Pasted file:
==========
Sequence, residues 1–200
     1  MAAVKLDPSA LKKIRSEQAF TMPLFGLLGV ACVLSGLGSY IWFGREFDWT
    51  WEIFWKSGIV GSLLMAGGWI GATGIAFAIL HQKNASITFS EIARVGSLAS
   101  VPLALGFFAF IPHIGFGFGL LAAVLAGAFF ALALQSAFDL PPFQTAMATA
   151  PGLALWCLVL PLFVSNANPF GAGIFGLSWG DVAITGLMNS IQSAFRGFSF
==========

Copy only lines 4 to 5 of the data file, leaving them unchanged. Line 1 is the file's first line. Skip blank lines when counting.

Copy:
   101  VPLALGFFAF IPHIGFGFGL LAAVLAGAFF ALALQSAFDL PPFQTAMATA
   151  PGLALWCLVL PLFVSNANPF GAGIFGLSWG DVAITGLMNS IQSAFRGFSF